Dua Lipa is anti-Brexit: ‘People don’t leave their home country unless they have to’

Dua Lipa was one of the few people to have a pretty great 2020. She released her album Future Nostalgia at the start of lockdown, and people really loved the pop-disco vibe – it was great music for one or two people dancing at home, and it was fun and light. Her tours were cancelled, but she still found ways to perform live, like her record-breaking live-stream concert Studio 2054. She spent much of 2020 locked down with her boyfriend Anwar Hadid in London, watching Netflix and doing interviews via Zoom. Which is how this British Vogue interview was conducted too! Dua covers the February issue of British Vogue to talk about music and her surprisingly good 2020 and more. Some highlights:

Going lighter for this album: The “smile through the pain” ennui of Gen Z is her speciality, and she describes her oeuvre as “dance-crying” music or “dark pop”. On this album, however – and its thrilling new additional tracks – “dance” and “pop” take precedence. “I had to fight inner demons. I wanted to write songs that were more sad, more about heartbreak, because I thought that writing happy songs would turn into cheesy songs. I had to fight that because I was like, ‘I am happy. I deserve to be happy.’ I should be able to write about that without the fear of feeling like I’m compromising my authenticity because I’m not crying about something or someone.”

Dating Anwar Hadid: “We have all these incredible memories and experiences, and if there’s something that we want to share together, then OK, that’s fun… But at the same time, we’re quite private – we’ll only show you as much as we want you to see. It’s a little bit of give and take, trying to find the right balance of being so excited and being in love, and wanting to share that with the people around me, but at the same time not wanting to put too much out there. I want to be able to just be happy in this relationship without having other people’s opinions.”

On Twitter: Her management now runs her account. Twitter was the first social media platform she had. She used it to connect with fans she’d meet post-shows, which now sounds absurd. “I would go into interviews and people would say, ‘How do you deal with hate?’And I’m like, ‘Hate? I don’t get hate, what are you talking about?’ It was so early on that people didn’t even care to try and say something mean.” As her star rose, however, things “got really hectic”. Despite her better judgement, she started endlessly scrolling hateful comments about herself. “I would get anxiety. And I was like, ‘This shouldn’t be the way that I’m experiencing this once-in-a-lifetime experience.’ It was messing with my confidence. I’d be super-nervous, wondering what everyone’s gonna say.”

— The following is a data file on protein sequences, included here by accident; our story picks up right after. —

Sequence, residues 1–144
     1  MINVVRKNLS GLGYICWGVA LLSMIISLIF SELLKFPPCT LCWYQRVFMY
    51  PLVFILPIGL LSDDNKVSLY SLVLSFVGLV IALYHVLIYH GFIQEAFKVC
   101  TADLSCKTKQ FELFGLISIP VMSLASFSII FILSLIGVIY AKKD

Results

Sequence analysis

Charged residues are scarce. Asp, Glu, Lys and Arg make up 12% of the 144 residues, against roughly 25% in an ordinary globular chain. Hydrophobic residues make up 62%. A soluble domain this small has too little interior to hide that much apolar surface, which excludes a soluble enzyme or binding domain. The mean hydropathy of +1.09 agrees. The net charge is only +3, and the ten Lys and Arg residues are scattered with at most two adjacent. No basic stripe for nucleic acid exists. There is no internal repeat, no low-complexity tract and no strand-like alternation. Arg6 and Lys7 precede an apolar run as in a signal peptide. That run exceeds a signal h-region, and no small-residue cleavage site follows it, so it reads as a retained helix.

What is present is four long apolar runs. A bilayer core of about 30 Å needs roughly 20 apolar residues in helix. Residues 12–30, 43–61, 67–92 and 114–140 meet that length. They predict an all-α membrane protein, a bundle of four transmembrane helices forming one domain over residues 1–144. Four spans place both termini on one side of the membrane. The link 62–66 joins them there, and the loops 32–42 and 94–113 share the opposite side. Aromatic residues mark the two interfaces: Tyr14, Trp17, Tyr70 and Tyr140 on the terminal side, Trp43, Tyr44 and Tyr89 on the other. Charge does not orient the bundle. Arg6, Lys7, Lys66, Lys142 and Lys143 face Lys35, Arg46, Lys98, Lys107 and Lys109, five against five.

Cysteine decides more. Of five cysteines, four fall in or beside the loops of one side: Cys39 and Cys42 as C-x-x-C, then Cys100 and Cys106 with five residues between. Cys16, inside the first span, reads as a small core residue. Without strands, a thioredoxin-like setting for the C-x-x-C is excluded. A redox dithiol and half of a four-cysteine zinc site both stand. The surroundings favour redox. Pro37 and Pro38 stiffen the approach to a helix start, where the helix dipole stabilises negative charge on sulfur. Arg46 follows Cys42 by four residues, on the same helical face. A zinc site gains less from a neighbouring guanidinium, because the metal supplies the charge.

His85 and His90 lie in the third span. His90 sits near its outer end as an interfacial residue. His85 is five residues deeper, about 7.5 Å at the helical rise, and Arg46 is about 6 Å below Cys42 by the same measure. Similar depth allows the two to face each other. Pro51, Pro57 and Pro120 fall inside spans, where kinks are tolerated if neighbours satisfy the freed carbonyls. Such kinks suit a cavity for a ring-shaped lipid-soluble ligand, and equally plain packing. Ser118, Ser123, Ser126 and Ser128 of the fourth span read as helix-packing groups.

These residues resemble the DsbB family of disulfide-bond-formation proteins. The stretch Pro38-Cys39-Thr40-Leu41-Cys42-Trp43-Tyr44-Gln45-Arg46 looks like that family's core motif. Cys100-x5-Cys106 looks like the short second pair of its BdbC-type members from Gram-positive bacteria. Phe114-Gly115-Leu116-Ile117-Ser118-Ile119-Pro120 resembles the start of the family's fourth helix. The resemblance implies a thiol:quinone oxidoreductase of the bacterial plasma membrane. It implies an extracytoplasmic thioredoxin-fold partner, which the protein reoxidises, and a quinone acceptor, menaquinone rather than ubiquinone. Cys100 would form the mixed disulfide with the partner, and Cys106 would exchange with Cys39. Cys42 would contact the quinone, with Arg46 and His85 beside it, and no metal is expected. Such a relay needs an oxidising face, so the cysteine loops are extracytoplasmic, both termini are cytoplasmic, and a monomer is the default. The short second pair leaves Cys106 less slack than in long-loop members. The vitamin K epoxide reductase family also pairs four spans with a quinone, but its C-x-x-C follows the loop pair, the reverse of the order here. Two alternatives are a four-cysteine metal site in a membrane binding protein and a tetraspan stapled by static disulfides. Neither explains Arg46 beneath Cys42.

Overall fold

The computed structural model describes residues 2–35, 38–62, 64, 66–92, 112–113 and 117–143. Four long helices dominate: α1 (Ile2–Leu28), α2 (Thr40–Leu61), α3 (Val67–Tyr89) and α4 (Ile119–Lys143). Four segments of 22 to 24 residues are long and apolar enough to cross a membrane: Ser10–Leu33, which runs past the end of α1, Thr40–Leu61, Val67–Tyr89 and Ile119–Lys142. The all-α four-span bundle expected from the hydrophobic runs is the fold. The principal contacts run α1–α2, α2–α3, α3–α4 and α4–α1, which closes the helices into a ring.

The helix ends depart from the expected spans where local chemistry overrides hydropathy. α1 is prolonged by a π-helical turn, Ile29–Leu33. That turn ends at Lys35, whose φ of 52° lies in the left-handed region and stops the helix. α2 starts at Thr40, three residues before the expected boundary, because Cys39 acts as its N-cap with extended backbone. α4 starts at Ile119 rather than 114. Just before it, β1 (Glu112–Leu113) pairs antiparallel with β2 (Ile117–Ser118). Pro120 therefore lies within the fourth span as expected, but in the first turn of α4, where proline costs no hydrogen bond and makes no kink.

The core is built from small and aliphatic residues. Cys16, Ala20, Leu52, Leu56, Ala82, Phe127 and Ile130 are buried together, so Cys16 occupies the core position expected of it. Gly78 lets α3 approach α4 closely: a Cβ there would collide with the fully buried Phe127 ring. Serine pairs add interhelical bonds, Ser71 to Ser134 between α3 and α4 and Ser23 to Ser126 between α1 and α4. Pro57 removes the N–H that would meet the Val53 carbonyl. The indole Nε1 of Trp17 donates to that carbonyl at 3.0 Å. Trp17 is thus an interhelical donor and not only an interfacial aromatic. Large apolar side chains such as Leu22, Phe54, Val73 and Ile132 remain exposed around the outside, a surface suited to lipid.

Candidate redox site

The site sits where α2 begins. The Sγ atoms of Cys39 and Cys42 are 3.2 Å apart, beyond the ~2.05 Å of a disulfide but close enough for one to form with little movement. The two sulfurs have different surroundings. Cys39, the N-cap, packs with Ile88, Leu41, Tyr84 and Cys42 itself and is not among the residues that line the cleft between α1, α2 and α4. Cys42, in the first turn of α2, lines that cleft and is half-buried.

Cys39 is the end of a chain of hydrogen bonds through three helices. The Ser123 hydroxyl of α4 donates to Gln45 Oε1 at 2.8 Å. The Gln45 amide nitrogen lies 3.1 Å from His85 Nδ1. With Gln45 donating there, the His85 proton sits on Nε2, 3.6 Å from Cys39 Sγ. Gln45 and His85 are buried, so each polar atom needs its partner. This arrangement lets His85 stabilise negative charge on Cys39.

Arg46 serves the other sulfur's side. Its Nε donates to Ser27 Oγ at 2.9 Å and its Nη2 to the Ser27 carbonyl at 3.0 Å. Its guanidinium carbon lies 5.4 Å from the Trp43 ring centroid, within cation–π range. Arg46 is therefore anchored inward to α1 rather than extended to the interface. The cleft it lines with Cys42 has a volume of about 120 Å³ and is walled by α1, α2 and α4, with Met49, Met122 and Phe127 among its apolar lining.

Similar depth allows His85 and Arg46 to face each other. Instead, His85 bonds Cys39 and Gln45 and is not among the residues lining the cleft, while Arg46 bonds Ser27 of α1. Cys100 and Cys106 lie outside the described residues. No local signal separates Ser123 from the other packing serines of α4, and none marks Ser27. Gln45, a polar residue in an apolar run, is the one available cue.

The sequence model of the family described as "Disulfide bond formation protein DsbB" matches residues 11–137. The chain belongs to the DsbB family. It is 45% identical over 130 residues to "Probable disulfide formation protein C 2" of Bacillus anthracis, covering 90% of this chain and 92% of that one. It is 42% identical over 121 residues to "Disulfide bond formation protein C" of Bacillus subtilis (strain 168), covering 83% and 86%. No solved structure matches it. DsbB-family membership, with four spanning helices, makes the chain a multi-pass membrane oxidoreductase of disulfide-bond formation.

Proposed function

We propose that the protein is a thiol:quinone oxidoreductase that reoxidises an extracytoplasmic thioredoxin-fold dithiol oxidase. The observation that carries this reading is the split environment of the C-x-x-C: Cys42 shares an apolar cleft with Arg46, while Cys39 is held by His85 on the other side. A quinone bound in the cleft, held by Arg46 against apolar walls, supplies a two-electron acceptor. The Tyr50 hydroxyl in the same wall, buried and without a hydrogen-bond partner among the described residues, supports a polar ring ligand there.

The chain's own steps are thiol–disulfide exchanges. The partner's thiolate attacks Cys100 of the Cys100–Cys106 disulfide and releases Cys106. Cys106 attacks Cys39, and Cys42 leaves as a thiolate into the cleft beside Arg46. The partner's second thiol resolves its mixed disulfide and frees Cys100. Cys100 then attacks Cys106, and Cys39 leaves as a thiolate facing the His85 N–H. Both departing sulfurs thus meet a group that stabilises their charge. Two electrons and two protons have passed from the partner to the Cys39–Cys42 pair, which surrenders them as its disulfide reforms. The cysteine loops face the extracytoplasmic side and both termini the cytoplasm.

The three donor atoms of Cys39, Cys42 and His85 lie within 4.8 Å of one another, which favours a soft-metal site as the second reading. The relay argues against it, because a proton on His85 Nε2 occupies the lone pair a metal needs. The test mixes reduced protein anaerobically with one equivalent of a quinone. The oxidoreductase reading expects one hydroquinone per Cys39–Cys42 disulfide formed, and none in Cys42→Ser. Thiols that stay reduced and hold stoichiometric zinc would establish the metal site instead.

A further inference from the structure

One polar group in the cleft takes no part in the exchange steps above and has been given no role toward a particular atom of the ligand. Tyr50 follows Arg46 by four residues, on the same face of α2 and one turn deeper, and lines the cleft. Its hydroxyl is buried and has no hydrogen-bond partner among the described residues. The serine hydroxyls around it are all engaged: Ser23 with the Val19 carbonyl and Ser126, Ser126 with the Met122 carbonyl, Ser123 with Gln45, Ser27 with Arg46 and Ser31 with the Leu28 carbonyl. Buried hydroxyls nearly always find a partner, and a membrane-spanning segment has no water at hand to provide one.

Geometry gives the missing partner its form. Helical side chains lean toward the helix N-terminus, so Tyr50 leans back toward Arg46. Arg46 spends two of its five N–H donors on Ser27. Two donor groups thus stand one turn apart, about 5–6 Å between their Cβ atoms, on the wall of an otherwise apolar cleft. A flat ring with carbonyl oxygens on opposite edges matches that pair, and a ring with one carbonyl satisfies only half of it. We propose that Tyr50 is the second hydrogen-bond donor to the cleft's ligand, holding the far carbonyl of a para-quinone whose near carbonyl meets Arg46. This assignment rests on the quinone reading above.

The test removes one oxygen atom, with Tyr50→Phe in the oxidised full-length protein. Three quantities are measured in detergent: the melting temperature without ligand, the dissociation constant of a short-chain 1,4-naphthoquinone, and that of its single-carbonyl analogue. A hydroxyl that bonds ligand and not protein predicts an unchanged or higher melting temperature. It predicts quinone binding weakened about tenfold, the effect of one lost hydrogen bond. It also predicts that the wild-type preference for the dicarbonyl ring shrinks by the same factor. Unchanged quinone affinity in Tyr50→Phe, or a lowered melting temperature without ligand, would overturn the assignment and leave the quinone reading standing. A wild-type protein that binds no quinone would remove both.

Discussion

Her home life is normal: “My home life is really normal. The people I surround myself with have known me for the longest time. My job doesn’t define my circle, and that makes a world of difference.”

She & her parents were refugees from Kosovo: It goes without saying that Lipa is staunchly anti-Brexit and troubled by anti-immigration rhetoric. “People don’t leave their home country unless they have to a lot of the time. To save their families, to try and get a better life. People want to be where their family is, where their home is, where they speak the language that is native to them, where they have their own culture.”

[From British Vogue]

“I had to fight that because I was like, ‘I am happy. I deserve to be happy.’” I wonder about this all the time with Adele and Sam Smith specifically, just because they’re two artists known for sad songs about how lovers did them wrong. Even when Adele was happily married, she was still writing about heartbreak! I like that Dua was like “I’m happy and I’m going to force myself to write a happy pop album.” Anyway, y’all know I’m a Dua stan. The only thing I don’t like about her is Anwar Hadid! She could do so much better than that idiot.


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Photo and cover courtesy of British Vogue.

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